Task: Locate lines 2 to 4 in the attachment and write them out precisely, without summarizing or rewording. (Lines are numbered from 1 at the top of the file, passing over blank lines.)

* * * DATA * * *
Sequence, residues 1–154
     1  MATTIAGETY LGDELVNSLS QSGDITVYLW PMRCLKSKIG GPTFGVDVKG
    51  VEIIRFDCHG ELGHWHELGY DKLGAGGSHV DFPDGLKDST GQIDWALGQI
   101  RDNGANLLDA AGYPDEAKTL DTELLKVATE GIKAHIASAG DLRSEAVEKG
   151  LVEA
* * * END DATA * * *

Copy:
     1  MATTIAGETY LGDELVNSLS QSGDITVYLW PMRCLKSKIG GPTFGVDVKG
    51  VEIIRFDCHG ELGHWHELGY DKLGAGGSHV DFPDGLKDST GQIDWALGQI
   101  RDNGANLLDA AGYPDEAKTL DTELLKVATE GIKAHIASAG DLRSEAVEKG